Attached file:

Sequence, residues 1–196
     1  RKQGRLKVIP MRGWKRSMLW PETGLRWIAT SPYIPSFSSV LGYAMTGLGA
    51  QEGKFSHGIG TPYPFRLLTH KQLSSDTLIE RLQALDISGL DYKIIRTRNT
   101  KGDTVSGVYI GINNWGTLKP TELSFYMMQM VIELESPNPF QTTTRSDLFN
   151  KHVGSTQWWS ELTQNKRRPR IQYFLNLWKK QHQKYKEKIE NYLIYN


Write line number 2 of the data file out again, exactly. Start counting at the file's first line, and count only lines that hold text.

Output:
     1  RKQGRLKVIP MRGWKRSMLW PETGLRWIAT SPYIPSFSSV LGYAMTGLGA